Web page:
Alaska News

$5.6 billion Alaska transportation plan largely approved by the feds

JUNEAU — Most of Alaska’s $5.6 billion, four-year transportation plan was approved by the federal government Wednesday, allowing for construction projects across the state to be funded.

The State Transportation Improvement Plan, or STIP, is a comprehensive plan for highways, roads, ferries, and even bicycle lanes to be implemented in Alaska through 2027.

The state’s previous transportation plan was rejected last month by federal highway administrators after significant errors and problems were flagged with dozens of proposed projects. The state Department of Transportation scrambled to correct those issues before a March 1 resubmission deadline.

Six of 234 projects in the transportation plan were rejected as written by federal highway administrators. Dozens of other proposed projects will need additional work over the coming months to get approval for federal funding.

Transportation Commissioner Ryan Anderson said through a prepared statement Wednesday that he appreciated the work of his staff and federal agencies to ensure Alaska’s transportation plan was partially approved.

”Alaska’s project development will continue seamlessly, and our upcoming construction season will be robust,” he said.

One rejected project was to help renovate the ailing Don Young Port of Alaska. Jim Jager, a deputy port director, said he was “confused” why that $69 million grant was listed in the state’s transportation plan. It has already been awarded and largely spent, he said. Jager said he thought there had been confusion with a separate and pending request for road funding at the port.


State transportation plans are typically approved by October, the start of the federal fiscal year. Alaska has been the only state still waiting months later for federal approval of its four-year transportation plan.

Local transportation planning organizations in Anchorage and Fairbanks said in August that there had been no coordination from the state before a draft plan was unveiled. They flagged significant errors in the plan and raised concerns that the Dunleavy administration had planned projects within their municipal boundaries without their approval, which would be a violation of federal regulations.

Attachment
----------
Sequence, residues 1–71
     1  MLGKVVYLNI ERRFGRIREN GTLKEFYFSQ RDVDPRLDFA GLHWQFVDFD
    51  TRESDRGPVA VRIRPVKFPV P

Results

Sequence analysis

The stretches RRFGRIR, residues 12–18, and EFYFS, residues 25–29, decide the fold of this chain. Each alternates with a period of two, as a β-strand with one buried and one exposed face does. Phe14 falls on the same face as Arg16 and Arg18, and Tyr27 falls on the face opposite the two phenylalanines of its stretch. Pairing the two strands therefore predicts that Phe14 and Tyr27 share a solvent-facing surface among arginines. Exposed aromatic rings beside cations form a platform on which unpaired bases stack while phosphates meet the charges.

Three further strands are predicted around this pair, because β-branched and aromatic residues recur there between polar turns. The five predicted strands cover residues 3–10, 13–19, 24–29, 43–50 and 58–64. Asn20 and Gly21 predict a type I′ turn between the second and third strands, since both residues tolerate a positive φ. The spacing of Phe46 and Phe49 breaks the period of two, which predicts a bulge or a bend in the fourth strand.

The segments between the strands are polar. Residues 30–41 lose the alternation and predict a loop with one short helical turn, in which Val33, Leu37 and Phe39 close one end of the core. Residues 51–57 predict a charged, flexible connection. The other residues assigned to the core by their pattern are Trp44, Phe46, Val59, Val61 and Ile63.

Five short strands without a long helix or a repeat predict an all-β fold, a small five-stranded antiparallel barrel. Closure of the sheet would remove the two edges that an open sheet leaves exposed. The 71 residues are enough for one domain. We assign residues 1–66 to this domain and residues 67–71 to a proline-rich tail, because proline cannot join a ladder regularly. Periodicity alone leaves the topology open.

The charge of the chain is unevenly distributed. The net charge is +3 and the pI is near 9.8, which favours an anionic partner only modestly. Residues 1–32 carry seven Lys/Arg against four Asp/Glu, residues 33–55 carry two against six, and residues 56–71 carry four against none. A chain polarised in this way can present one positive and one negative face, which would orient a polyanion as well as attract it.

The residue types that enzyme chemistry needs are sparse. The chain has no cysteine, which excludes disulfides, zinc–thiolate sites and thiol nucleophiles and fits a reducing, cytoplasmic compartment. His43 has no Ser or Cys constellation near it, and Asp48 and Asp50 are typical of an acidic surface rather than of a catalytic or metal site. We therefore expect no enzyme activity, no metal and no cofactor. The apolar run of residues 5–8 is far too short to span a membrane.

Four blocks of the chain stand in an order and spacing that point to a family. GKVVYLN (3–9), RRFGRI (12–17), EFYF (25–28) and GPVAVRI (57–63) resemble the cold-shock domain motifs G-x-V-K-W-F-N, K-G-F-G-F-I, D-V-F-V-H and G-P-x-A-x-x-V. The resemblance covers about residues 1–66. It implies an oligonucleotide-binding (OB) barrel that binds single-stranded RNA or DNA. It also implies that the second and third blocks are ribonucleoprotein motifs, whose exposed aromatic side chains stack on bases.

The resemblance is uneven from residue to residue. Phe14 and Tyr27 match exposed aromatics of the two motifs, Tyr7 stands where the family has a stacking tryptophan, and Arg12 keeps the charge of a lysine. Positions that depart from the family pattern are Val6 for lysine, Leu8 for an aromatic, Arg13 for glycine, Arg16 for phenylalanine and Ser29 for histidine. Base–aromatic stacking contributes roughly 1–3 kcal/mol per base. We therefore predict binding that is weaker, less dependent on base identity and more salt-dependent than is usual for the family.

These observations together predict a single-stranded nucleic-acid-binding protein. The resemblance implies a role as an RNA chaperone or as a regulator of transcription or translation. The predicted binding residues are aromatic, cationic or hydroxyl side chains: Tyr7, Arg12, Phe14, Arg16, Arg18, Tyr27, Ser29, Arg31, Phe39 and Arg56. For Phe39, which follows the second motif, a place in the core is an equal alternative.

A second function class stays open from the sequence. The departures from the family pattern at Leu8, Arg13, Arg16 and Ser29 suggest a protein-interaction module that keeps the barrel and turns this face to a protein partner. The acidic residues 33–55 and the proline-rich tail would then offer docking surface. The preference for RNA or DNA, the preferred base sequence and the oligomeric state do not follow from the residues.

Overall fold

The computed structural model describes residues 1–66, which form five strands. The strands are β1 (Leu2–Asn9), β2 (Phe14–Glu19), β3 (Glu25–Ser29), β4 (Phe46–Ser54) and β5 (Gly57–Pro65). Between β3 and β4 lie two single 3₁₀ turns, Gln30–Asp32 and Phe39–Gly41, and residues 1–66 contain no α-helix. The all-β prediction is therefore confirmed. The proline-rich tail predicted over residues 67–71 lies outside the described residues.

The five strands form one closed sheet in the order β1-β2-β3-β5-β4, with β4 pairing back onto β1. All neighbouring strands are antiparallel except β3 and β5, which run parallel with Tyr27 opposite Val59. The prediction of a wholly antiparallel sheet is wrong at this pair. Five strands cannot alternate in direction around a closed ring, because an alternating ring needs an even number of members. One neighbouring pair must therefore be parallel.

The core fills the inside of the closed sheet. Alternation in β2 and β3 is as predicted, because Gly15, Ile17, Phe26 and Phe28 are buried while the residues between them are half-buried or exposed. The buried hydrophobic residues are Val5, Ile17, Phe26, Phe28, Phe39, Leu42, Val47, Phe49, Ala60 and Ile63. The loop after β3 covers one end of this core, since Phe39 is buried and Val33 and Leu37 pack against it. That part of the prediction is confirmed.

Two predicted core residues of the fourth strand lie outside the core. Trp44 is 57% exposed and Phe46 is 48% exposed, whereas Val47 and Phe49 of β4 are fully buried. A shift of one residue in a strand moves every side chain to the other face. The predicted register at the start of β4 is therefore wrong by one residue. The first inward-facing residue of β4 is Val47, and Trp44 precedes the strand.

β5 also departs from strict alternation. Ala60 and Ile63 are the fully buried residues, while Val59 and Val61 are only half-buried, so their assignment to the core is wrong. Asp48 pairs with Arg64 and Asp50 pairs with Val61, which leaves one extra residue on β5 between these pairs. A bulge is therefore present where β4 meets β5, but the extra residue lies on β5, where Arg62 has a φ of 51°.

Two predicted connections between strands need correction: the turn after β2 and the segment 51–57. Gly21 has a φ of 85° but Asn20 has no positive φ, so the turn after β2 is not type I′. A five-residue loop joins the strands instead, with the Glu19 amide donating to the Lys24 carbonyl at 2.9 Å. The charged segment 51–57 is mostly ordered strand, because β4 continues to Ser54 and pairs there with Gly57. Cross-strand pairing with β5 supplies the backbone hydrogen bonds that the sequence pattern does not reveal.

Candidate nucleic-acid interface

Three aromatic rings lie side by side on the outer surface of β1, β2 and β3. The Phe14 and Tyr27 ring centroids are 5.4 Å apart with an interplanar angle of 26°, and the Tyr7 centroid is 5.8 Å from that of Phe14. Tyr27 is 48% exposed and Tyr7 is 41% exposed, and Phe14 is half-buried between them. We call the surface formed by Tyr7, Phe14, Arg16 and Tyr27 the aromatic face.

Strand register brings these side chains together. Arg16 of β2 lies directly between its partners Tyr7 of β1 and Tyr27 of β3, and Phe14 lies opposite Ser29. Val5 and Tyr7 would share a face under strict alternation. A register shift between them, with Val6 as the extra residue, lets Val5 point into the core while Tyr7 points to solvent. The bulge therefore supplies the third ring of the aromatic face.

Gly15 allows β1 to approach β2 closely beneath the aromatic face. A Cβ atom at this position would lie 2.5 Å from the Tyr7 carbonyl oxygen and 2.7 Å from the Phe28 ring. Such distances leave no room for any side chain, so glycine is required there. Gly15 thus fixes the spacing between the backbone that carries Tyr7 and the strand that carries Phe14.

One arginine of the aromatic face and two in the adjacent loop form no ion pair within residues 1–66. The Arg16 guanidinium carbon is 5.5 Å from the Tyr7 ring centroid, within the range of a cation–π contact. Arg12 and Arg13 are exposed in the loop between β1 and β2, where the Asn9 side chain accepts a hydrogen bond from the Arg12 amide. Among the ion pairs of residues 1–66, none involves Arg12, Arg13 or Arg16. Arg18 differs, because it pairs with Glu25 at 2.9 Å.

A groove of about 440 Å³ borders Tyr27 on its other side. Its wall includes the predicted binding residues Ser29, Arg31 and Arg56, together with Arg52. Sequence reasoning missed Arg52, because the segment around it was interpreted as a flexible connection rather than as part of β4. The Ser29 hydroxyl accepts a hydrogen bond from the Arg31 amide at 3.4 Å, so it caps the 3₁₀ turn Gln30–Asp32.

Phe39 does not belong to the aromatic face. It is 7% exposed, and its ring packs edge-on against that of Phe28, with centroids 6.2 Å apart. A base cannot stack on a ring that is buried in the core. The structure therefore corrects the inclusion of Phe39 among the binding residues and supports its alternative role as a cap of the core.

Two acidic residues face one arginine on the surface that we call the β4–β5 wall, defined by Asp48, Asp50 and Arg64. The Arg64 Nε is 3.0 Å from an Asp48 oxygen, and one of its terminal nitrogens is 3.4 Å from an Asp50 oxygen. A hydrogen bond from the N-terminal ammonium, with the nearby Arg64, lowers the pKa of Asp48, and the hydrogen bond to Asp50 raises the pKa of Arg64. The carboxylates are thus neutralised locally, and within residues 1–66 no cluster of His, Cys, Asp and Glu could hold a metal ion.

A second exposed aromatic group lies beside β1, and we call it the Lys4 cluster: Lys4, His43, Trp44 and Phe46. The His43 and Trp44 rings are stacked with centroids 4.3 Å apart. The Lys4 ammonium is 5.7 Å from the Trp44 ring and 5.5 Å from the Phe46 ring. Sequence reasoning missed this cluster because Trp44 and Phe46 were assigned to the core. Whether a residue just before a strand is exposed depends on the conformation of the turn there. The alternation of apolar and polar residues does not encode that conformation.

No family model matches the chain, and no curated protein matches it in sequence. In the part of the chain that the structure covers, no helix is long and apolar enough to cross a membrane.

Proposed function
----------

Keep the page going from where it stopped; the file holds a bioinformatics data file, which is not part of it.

A 30-page letter sent Wednesday from the Federal Highway Administration and the Federal Transit Administration said that the state’s plan needed to document public engagement processes and how regional groups and tribes were consulted. The state Transportation Department has said it will improve its public consultation process.

After the state’s January transportation plan was rejected, legislators asked for a list of projects that were going to be removed from the resubmitted plan. That way, legislators could consider using state dollars to help fund those construction projects as needed.

Shannon McCarthy, a spokesperson for the state Transportation Department, said Wednesday that a complete list of removed projects was still not ready.

In a Wednesday interview, McCarthy said one phase of a planned Seward Highway upgrade between Potter Marsh and Bird Point had been removed from the March resubmission. She said the $169 million multi-year project was ineligible because part of the highway fell within Anchorage municipal boundaries. To receive federal funding, it needed to go through the local planning process and get approved by Anchorage Metropolitan Area Transportation Solutions, or AMATS, she said.

Federal highway administrators had warned the state for months that there were significant unresolved issues with the state’s transportation plan before the February rejection notice. Legislators had been alarmed that the initial rejection notice meant the summer road construction season could be in jeopardy.

The news that the state’s transportation plan had been partially approved Wednesday sparked relief among labor and construction groups.

Alicia Amberg, executive director of the Associated General Contractors of Alaska, said by text message that the group representing 600 contractors was pleased to see a resolution had been reached by the state Department of Transportation.

“We are ready to roll up our sleeves and work with DOT to ensure efficient, timely project award and delivery for the 2024 construction season and stability for future projects,” Amberg said.

Joelle Hall, head of the Alaska AFL-CIO, said Wednesday afternoon that she was still reviewing the partially approved transportation plan.

“My only comment is - whew!!!” Hall said by text.

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Sean Maguire

Sean Maguire is a politics and general assignment reporter for the Anchorage Daily News based in Juneau. He previously reported from Juneau for Alaska's News Source. Contact him at